On the other hand, assuming that Costa Mesa follows national trends, there are at least 20,000 to 25,000 dogs in town. If even ten percent make “audible noise” for a half hour, that’s at least a half million bucks into city coffers. You’ve gotta admire their creativity, if not their common sense

Disputes between neighbors often play out at City Hall, usually through the venues of Code Enforcement and Animal Control. Often complaints regarding pets have little or nothing to do with the animals themselves and everything to do with problems between neighbors over some other issue. Would this become another hammer with which to beat up a neighbor?

Who Cares

But hey, who cares if the City makes money off the deal? I do. My current canine buddy is pretty quiet, but one can’t predict the future. My greater concern, though, is dog owners subject to draconian fines for even minimal noise, several orders of magnitude lower than noise levels acceptable for any other source.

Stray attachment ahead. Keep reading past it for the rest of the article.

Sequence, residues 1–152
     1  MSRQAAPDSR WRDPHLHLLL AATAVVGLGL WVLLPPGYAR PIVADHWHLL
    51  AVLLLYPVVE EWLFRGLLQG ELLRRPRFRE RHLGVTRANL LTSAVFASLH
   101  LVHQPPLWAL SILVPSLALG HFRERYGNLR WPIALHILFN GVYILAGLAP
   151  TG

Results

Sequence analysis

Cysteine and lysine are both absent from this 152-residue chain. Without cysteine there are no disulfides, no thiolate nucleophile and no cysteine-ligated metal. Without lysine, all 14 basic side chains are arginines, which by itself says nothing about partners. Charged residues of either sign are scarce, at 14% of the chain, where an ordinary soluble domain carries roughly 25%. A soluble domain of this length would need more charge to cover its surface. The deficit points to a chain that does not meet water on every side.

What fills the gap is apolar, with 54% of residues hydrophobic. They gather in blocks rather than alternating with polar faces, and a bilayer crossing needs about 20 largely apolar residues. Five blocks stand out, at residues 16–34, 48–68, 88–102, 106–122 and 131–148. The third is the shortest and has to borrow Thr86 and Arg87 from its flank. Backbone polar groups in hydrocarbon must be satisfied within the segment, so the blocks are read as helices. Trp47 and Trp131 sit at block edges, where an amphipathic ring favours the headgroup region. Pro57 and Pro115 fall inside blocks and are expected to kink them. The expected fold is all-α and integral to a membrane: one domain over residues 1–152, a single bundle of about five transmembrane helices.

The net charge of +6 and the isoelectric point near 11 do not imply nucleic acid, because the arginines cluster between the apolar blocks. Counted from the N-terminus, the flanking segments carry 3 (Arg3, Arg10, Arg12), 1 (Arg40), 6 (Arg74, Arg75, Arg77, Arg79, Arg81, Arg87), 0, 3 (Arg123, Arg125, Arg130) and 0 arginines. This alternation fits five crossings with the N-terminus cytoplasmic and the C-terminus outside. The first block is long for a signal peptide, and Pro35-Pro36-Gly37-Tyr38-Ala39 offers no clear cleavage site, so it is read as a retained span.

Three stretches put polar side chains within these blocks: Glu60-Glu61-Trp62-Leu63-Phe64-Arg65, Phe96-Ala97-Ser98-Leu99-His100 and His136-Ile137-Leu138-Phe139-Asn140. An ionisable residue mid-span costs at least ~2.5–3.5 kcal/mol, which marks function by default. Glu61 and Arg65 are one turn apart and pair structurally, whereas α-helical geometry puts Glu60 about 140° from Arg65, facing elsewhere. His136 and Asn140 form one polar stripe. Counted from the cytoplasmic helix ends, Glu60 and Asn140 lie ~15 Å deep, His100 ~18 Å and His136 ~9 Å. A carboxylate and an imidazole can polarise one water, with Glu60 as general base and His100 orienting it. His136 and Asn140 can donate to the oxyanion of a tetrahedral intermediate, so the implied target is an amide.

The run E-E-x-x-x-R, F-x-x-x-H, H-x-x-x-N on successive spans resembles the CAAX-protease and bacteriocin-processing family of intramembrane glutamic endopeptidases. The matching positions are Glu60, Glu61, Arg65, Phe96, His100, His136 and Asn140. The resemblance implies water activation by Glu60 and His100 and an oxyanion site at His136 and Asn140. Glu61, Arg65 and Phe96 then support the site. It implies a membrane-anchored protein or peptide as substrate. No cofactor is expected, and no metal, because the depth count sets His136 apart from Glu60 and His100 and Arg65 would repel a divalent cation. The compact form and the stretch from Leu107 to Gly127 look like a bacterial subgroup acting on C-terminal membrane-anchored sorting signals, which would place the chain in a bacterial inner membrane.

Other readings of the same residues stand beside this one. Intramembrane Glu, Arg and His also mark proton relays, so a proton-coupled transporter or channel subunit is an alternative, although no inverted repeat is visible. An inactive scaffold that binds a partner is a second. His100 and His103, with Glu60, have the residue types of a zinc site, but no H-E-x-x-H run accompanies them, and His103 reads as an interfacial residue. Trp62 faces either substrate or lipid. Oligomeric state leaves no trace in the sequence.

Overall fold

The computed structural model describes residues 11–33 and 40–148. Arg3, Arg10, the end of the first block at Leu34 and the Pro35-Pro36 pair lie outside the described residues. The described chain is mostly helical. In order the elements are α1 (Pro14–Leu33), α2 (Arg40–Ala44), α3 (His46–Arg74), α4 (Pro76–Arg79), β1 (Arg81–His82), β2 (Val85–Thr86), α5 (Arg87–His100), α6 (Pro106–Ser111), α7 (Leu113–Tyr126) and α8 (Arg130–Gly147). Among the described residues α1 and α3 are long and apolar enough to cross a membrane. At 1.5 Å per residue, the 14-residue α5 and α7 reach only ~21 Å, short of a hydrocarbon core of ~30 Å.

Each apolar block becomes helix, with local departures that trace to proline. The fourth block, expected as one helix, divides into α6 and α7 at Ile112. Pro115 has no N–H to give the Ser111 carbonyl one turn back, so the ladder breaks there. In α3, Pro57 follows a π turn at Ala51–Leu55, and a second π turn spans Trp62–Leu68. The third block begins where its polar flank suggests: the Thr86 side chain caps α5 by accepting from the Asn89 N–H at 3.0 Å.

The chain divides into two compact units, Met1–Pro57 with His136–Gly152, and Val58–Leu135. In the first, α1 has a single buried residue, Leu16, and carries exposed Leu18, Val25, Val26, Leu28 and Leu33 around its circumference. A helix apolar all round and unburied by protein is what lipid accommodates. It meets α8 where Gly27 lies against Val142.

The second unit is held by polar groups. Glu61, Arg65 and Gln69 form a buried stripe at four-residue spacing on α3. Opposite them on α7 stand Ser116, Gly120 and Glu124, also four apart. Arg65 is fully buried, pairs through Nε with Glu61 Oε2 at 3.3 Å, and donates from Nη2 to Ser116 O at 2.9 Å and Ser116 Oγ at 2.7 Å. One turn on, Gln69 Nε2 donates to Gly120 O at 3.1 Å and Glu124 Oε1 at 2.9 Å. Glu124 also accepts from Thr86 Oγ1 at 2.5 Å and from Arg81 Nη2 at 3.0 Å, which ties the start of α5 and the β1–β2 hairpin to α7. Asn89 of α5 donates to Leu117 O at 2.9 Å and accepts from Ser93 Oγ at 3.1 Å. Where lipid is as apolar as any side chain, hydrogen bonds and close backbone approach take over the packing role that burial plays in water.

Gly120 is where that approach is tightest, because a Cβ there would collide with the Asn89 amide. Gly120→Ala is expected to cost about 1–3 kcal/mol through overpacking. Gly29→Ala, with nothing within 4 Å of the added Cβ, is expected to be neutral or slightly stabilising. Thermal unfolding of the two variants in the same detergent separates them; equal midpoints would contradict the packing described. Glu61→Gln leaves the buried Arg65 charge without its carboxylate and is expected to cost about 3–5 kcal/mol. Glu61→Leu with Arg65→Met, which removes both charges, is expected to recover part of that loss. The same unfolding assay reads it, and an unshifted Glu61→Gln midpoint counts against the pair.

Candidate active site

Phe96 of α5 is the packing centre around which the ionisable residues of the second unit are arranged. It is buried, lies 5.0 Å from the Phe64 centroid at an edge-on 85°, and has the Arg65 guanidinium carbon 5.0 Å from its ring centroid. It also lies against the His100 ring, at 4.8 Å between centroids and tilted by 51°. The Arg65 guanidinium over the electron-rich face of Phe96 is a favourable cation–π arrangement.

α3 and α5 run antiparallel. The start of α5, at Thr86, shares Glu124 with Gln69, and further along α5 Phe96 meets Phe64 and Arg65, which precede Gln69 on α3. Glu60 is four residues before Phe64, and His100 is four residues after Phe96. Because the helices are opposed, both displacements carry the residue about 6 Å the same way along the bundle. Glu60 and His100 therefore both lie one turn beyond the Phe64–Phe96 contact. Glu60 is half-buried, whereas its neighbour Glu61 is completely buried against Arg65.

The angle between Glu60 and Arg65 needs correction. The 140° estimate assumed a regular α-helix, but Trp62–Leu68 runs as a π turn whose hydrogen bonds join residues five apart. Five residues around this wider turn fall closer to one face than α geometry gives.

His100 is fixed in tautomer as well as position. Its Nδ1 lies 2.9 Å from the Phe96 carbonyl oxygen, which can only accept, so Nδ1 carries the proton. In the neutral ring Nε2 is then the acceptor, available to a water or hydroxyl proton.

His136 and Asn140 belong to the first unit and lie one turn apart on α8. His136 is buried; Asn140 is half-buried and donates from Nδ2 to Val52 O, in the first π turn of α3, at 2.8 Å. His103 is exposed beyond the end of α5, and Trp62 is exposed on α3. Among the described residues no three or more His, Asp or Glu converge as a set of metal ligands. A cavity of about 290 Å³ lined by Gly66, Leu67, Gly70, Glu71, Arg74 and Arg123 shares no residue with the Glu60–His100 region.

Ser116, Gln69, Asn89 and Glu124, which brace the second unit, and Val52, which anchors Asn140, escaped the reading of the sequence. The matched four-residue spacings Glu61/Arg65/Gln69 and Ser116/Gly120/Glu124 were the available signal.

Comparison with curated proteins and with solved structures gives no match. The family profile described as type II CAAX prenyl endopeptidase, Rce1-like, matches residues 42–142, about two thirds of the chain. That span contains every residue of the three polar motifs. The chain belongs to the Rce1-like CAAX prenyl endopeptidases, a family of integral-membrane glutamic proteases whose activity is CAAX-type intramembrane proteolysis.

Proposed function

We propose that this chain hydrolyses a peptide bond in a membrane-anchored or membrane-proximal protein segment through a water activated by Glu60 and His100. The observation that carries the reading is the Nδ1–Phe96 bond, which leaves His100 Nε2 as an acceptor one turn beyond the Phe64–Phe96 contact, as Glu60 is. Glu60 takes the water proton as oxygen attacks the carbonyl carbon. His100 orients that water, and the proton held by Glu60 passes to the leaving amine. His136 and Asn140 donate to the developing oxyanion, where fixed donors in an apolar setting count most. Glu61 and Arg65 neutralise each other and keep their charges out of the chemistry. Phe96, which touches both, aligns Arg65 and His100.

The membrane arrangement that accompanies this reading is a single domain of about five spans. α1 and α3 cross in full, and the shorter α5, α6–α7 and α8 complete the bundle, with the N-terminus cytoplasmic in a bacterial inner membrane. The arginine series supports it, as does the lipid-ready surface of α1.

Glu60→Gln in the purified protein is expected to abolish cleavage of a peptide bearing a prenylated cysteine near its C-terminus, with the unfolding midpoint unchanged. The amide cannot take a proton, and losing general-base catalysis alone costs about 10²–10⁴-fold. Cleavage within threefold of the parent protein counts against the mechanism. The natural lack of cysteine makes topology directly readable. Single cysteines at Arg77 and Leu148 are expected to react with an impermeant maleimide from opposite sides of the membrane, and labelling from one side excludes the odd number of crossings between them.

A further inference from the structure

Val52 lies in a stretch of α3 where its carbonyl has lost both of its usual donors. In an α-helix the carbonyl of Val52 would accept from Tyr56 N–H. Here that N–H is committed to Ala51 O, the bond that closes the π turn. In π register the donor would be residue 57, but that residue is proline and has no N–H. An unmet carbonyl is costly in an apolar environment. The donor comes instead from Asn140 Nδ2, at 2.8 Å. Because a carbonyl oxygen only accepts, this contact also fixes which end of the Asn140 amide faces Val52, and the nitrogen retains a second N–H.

We already have too many dogs at the shelters, a problem exacerbated by a rise in home foreclosures. It would be tragic if any dog owner felt forced to surrender a dog to the shelter as a result of this ordinance.

That’s sad. I think I’ll go pet my dog. Not too much, though. The thumping of that waggly tail might be audible.

Just Stamp It Out

Tuesday, August 5, the Costa Mesa City Council will consider whether to initiate a general plan amendment to allow L.A. Fitness to build a 45,000 square foot health club in an area designated for industrial use along Harbor Boulevard north of the 405. Under the city’s general plan, the area should be developed with large site research, manufacturing, office, and industrial development. Commercial uses are to be ancillary and supportive of the industrial use. Commercial recreation is permitted, but only if complementary to the industrial area.